On “The Town That Never Retired”

Happened upon a BBC show “The Town That Never Retired”, first aired in the UK in July 2012. The story follows lives of several “pensioners” (Brits seem to like that term), over age 70, in the town of Preston, Lancashire – as they returned to work after being so called retired.

The gist of this reality show was – given in future, more people will be working longer; how were these particular people, who had been living what appeared to be a somewhat sedentary life, going to make it after being away from traditional workplaces?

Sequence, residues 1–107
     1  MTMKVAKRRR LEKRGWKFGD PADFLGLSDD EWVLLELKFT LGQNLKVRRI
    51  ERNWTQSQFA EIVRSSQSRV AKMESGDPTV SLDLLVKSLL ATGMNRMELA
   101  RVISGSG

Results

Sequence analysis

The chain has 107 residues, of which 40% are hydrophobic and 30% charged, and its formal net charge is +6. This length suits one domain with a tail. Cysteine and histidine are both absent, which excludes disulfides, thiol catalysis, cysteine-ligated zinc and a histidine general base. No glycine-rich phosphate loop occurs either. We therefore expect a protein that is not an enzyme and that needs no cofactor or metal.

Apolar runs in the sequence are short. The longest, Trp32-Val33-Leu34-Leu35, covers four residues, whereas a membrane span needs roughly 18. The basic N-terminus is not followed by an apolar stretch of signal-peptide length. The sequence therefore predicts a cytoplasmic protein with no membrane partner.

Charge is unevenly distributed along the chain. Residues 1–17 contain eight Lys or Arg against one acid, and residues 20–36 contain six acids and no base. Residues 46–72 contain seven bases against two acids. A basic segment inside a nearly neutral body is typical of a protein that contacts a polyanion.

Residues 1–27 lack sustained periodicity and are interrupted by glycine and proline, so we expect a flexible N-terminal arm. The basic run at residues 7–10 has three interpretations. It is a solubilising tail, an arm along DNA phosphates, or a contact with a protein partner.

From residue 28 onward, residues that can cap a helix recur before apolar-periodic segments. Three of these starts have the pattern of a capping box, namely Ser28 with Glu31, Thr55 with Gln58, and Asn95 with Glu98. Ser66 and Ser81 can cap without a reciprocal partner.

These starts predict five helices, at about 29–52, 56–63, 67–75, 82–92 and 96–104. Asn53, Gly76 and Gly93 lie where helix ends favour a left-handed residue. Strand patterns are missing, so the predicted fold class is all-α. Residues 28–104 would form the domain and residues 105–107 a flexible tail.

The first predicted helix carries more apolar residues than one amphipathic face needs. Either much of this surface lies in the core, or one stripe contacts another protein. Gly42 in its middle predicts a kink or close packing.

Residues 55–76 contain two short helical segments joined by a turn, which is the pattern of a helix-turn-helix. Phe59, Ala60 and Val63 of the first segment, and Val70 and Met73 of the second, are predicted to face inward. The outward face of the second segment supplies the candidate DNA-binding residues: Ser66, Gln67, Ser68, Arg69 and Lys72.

“Would they hack it?” Some of the work was physically or mentally demanding, like the plumber who returned to a building site and the woman (who smoked like a chimney) returned to a medical clinic.

Of course this set up scenarios where some were likely to “not hack it”. There were issues of some needing re-training and some more time to get into the swing of things, and at times I felt it heart-rending to watch. Then I wondered, what if older people needed or wanted to work, but not what they were set up for here? What if they were better suited for other “needed” work? What if their earlier “retirement” wasn’t’” so abrupt with such a long pause of not working?

What if around the world, we had so many entire towns that never retired, inspired to work on non-traditional things that fulfilled new needs, as Theodore Roszak said “improvising a post-industrial economy”?

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